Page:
The Wichita Eagle reported this week that Greg Orman who got over 40 percent of the vote in a loss running for the U.S. Senate against Pat Roberts in 2014 as an Independent is putting together the team to make a run at the Governor’s office in 2018, again as an Independent.
This is likely good news for whoever the survivor is of the state’s
Republican primary, according to a University of Kansas professor.
“For him to be coming in to the race where he is, in the middle to the left side of the political spectrum, that certainly is something that is going to help the Republicans,” said Patrick Miller, a University of Kansas political scientist. “Republicans do have an advantage for the opposition to be split. That is certainly something that will advantage whatever Republican comes out of their primary.”
At least at this point, Kansas Secretary of State Kris Kobach would look to be that beneficiary.
Granted, we don’t have a lot of polls in that race,” said Miller. “Given what little data we know, we know that he has higher name I.D., he was leading the initial polls. Looking at the candidates, he has a much better developed image. To the extent that voters know who he is, and I wouldn’t overestimate that, they probably have a pretty good sense of what Kobach stands for, other candidates not so much. He has a pretty well developed national network. There is a lot of time left in this race for other Republican candidates to come along, particularly Jeff Colyer, who will likely be becoming Governor soon, to really develop their own images and their own campaigns. Six months from now, we may not be talking about Kobach, still as the frontrunner, but I think that’s a fair characterization as of today. The onus is on other Republicans to challenge that, at this point.”
A legitimate three-way race between Kobach, Orman and a Democrat (likely Jim Ward or Carl Brewer) would be a rare thing to see in modern-day politics.
“It’s very common for independent or third party candidates to run, but it’s rare that they are considered viable,” said Miller. “The number of independents or third-party candidates who really have a shot at winning is quite small. We tend to think of them more as spoilers, as people who really don’t have the numbers to win, but we think about who they tend to draw from more. The other thing I’ll point out about independents is, usually, they poll a lot better than they actually do on Election Day. That was the case with Greg Orman in Kansas in 2014, even though he was the only major candidate facing Roberts. Orman went into Election Day slightly leading Roberts in the poll average, but then lost by about 10 percent. That kind of lag or discrepancy is actually quite normal.”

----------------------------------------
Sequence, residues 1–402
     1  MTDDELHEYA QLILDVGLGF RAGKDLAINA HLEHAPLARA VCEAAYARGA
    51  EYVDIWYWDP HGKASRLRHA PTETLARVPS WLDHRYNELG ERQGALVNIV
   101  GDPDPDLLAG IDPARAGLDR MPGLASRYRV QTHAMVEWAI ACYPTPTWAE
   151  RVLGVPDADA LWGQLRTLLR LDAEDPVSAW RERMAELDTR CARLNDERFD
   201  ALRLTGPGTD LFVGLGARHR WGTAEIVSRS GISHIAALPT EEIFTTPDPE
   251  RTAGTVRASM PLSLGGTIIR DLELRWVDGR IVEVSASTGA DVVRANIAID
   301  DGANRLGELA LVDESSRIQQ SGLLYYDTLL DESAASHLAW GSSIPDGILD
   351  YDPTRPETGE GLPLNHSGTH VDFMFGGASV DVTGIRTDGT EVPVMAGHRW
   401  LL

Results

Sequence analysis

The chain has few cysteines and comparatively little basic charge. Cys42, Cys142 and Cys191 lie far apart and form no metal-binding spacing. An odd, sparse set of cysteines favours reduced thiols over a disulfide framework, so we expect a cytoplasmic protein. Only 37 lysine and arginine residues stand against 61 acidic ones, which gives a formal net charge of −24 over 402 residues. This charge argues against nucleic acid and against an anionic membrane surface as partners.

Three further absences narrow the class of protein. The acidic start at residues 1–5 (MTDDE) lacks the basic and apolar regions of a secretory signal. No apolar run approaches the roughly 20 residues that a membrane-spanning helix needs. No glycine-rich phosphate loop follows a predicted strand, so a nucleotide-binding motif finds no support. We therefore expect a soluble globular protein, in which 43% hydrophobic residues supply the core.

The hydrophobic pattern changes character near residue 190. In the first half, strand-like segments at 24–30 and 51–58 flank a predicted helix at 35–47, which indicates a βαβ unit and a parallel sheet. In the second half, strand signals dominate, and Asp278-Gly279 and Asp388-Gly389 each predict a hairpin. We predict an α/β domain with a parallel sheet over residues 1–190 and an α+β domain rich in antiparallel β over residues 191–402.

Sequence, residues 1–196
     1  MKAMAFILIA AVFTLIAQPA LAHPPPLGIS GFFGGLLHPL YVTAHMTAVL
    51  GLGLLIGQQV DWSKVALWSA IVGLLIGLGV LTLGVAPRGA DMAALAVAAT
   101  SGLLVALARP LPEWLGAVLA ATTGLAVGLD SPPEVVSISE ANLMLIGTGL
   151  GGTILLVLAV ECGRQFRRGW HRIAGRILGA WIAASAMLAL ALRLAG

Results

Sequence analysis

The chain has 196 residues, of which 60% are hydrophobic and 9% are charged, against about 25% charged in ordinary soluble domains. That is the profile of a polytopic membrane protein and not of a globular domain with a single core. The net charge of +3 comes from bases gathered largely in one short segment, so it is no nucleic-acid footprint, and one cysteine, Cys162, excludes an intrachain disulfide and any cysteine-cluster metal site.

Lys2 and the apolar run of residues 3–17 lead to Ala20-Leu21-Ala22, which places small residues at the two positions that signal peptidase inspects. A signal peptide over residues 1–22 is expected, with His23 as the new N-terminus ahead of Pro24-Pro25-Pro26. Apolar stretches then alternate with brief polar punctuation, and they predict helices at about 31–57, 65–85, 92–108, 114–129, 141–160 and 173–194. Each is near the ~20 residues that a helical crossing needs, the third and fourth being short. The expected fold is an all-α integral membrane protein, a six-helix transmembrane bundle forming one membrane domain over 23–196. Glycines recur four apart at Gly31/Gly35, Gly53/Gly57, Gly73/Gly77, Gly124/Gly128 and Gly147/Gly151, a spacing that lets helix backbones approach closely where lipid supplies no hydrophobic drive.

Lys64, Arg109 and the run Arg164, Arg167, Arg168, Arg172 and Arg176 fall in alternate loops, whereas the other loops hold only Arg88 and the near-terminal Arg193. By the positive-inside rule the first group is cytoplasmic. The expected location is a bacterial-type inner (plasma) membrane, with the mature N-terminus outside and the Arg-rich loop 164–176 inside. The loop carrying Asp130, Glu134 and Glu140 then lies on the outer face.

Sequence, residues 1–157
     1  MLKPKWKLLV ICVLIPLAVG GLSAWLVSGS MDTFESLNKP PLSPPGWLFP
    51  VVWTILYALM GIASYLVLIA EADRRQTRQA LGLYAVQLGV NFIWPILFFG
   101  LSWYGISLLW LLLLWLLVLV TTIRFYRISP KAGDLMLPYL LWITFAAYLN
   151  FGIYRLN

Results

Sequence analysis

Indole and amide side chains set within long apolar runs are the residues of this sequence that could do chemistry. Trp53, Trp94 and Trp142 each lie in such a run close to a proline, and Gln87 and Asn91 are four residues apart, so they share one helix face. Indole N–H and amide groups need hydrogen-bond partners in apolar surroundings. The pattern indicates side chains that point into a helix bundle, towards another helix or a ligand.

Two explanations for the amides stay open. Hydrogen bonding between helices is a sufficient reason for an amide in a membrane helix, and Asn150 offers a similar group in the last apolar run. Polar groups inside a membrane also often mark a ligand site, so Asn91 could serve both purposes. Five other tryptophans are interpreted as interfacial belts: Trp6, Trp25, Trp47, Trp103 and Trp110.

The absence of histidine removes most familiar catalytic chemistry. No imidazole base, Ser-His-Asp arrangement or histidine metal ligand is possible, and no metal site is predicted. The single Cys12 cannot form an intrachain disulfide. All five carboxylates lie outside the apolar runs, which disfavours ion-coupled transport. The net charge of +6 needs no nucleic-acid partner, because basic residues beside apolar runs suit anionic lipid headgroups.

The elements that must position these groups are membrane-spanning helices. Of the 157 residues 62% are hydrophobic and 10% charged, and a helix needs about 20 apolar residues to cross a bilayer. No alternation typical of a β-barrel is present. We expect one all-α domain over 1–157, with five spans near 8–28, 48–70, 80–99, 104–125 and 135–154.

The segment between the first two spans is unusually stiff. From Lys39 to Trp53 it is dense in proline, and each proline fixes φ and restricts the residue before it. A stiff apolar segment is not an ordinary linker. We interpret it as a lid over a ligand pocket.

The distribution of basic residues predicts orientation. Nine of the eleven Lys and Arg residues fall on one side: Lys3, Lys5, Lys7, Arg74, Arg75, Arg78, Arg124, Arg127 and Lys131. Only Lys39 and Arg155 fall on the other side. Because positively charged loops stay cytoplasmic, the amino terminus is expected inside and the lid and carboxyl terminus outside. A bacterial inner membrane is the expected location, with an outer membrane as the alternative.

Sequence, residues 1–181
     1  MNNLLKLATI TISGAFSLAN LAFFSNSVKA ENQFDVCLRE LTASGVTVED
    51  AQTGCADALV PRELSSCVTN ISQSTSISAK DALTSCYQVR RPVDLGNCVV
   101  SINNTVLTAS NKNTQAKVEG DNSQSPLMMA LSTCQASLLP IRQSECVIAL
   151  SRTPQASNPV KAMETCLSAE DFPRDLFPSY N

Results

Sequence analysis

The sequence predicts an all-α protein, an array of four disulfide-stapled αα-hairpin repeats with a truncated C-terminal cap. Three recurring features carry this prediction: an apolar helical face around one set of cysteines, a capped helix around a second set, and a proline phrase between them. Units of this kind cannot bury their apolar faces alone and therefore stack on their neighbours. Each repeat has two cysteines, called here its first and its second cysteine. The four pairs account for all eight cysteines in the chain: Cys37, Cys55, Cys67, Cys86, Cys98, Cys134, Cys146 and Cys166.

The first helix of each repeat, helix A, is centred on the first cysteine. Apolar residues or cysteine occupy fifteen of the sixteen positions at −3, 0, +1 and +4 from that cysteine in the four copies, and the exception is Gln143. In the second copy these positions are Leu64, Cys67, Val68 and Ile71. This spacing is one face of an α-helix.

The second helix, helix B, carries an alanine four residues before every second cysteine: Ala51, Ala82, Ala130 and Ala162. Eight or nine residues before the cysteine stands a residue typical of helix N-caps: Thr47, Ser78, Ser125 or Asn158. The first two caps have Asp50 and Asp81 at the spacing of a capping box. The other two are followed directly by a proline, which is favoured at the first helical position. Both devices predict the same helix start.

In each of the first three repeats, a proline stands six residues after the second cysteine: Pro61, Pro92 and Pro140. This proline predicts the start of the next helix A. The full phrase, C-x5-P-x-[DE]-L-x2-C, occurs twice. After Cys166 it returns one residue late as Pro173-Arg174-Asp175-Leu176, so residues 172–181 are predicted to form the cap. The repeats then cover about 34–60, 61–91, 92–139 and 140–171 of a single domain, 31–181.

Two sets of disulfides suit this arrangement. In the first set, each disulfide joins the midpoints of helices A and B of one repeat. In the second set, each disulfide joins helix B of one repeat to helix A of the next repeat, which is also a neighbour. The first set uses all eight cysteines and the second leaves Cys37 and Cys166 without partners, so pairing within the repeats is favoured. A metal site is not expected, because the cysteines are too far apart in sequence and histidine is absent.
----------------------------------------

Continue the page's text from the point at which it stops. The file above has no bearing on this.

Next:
It may not be as important to look at how many votes Orman might get, but who he’s drawing support away from.
“I would suspect he’s probably going to hurt the Democrat more than he is going to hurt the Republican in the race,” said Miller. “If you’re a Republican consultant right now, particularly if you are Kobach’s team, with Kris Kobach thinking that he is the Republican frontrunner, pop the champagne bottle.”
The path to victory for Orman may lie in appealing to a different type of voter than he did when running in 2014.
“His vote was basically the Paul Davis vote,” said Miller. “He really didn’t show that he had a unique constituency. The challenge for Orman in the next year is to show that he has a viable path forward, but also to expand his voter appeal. If the only people he’s drawing from are people who are Democrats or would lean Democratic in the Governor’s race, then he’s really adding nothing new. He’s just splitting the pie. He needs to develop a strategy to pull away from
whoever that Republican is. Who is the person, who’s that voter, who is going to vote for Kobach, but might think about voting for a different candidate only if Orman gets in? I don’t know if that voter exists, but Orman needs to create a market for that.”
Given that Orman will not have to survive a primary, he has more than a year to make that case.